Questionable click-bait

A few weeks ago, my Facebook page had a so-called sponsored post from the New York Times, with the headline “Why This Economy Needs Donald Trump”. I found it odd that the NY Times should propose such a thing, as this wasn’t exactly consistent with the newspaper’s editorial line. I clicked on the link to see if there was some kind of irony in the headline, something along the lines of A woman needs a man like a fish needs a bicycle, but no. This was a piece written by David Malpass, of whom Wikipedia states: “David R. Malpass is an American economist and also ran in the 2010 Republican primary for U.S. Senate in New York. He is the founder and president of Encima Global LLC, an economic research and consulting firm based in New York City.” He is also senior economic adviser to the Trump campaign. This Republican economist managed to state some reasons why he actually believed what the headline said, and The New York had found it opportune to print his argument.

Since NYT printed it, conservative bloggers and media have expressed surprised delight at finding this piece in that newspaper. In rightwingnews, you can find the following comment by a William Teach: “Meanwhile, the New York Times allows David Malpas [sic!], a senior economic advisor to the Trump campaign (yeah, I was kinda shocked that he had one, too), to write an op-ed, which received Internet front page status, all of which is rather unusual for the Fish Wrap.” Whereas rightwinggranny writes: “Wow. The opinion page of the New York Times today posted an article entitled, “Why This Economy Needs Donald Trump.” The article was written by David Malpass, a senior economic adviser to the Trump campaign.”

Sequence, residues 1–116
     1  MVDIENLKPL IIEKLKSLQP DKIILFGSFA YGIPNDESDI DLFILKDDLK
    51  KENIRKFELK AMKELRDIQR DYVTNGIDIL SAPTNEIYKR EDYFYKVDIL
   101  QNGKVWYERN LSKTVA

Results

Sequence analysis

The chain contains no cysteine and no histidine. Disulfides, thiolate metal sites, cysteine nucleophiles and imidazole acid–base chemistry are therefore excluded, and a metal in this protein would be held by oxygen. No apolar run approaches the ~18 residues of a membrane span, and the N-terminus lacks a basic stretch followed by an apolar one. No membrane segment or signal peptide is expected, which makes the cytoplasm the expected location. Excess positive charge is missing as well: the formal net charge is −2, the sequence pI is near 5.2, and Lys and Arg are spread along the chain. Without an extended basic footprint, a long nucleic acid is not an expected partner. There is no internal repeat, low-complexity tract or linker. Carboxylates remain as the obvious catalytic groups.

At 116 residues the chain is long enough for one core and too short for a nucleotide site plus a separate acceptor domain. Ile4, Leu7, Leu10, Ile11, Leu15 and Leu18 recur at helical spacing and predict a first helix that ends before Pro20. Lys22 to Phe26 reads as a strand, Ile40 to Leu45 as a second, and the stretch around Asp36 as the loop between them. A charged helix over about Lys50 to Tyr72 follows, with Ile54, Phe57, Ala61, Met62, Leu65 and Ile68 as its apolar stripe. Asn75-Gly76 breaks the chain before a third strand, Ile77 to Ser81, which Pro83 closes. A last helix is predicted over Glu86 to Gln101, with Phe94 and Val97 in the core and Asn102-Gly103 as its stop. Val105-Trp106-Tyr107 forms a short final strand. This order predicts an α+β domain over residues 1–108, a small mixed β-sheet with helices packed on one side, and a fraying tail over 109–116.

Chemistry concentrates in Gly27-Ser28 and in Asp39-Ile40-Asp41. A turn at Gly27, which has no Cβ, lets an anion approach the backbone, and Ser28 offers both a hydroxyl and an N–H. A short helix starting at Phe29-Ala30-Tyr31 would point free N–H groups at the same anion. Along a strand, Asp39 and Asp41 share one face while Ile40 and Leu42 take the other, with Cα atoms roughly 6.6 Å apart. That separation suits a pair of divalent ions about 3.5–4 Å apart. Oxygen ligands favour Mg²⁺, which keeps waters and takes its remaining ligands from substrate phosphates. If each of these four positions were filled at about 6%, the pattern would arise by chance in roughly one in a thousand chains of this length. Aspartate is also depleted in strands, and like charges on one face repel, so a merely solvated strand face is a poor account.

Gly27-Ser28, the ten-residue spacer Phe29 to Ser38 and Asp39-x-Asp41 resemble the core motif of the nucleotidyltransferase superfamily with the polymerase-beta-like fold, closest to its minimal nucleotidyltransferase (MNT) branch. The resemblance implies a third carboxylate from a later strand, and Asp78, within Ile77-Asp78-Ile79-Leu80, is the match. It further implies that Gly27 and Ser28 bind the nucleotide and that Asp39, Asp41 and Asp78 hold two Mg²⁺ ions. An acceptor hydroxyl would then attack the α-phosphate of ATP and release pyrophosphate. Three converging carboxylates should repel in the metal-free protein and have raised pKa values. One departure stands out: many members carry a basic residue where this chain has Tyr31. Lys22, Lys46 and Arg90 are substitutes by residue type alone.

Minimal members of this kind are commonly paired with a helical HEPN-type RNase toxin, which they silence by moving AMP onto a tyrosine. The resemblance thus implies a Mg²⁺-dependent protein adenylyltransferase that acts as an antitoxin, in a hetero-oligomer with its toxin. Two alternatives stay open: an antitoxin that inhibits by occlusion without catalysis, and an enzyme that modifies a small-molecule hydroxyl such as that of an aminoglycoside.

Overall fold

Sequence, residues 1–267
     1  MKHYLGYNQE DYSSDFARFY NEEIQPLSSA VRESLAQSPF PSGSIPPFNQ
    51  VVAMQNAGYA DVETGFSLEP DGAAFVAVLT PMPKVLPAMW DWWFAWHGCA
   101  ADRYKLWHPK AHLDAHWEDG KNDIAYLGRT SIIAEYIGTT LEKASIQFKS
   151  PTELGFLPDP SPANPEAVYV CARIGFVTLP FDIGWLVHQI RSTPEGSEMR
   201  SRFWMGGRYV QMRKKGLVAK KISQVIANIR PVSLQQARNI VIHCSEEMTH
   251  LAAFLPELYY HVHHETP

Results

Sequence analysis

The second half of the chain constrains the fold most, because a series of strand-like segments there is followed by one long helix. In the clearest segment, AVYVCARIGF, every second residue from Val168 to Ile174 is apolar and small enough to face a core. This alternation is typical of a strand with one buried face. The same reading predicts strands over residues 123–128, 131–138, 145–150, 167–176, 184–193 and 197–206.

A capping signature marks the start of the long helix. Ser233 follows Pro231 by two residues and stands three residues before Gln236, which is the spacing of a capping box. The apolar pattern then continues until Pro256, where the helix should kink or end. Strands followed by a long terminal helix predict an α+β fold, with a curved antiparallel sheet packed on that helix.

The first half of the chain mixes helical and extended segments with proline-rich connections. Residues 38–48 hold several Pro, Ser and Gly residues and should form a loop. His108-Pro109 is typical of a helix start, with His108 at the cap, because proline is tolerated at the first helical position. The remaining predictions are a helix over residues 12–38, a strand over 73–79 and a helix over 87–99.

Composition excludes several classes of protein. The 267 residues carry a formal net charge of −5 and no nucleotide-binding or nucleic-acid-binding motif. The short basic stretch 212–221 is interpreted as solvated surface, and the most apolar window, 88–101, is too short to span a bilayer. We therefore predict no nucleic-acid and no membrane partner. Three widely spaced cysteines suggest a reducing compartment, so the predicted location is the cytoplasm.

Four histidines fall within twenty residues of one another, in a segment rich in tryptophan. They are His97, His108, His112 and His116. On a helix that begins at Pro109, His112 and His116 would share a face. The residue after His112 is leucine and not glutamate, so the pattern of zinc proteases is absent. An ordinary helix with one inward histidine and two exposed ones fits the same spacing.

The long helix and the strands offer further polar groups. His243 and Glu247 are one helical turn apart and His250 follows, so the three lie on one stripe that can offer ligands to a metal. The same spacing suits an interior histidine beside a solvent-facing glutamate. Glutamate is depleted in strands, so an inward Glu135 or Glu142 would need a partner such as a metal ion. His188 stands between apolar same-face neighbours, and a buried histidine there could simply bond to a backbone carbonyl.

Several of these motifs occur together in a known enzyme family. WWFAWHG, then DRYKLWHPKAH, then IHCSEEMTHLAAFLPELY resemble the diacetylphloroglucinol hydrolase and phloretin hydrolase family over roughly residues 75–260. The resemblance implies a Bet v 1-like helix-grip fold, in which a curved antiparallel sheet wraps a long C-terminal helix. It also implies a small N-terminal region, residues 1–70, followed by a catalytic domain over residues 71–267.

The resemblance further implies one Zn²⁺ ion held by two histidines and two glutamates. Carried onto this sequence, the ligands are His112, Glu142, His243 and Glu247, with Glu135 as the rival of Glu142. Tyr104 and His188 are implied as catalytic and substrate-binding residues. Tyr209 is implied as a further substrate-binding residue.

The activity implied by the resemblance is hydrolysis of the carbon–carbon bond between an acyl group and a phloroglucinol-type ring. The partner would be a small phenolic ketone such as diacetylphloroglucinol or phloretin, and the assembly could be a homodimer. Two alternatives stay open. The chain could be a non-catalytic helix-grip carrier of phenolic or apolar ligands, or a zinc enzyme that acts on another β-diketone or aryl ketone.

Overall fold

Well, we have a free press, and it is generally a good thing that different views are presented in publications with a widespread readership, so I shrugged it off. I normally read several articles from the NYT every day, and this was hardly representative of the paper as such.

But the piece never left me alone. In the weeks since it ran — on September 1st — it has been popping up in my feed, if not every day, then nearly so. And it gives me a jolt every time I see it, as it looks like the paper is really trying to sell this concept. This piece apparently has taken precedence over all other articles I have read and is acting like the bully which is its subject.

I am aware that the explanation is likely some kind of cookie-based algorithm, either on Facebook’s or NYT’s part. Because I clicked on the headline, I am now stuck in this Trump-hell forever. They probably don’t send this post out to a select number of Facebook users — or who knows? Maybe they do? What if they do?

Regardless of the details of the explanation, though, this is pretty alarming. If the paper is not aware of using this piece as click-bait, but rely solely on computer-generated marketing, that raises serious questions about marketing of content. Are there really no editorial decisions involved in choosing what content to push, and if so, why would they think it would be a good idea to leave that to robots?

And if there is an editorial decision involved, I wonder which editor that would be, and whether that editor answers to the newspaper’s editorial board. Could this actually be some kind of low-level marketing executive who is pushing his/her own agenda, unbeknownst to the editors?

For the fact of the matter is: Every day I see this headline and his picture plastered on my screen, and I feel like someone is trying to brainwash me. Now I think myself immune to that, but are other people? How many people have been plagued by this piece for three weeks? And how many see it and think, in passing, without even reading the story: If the New York Times makes such a claim, it must be true?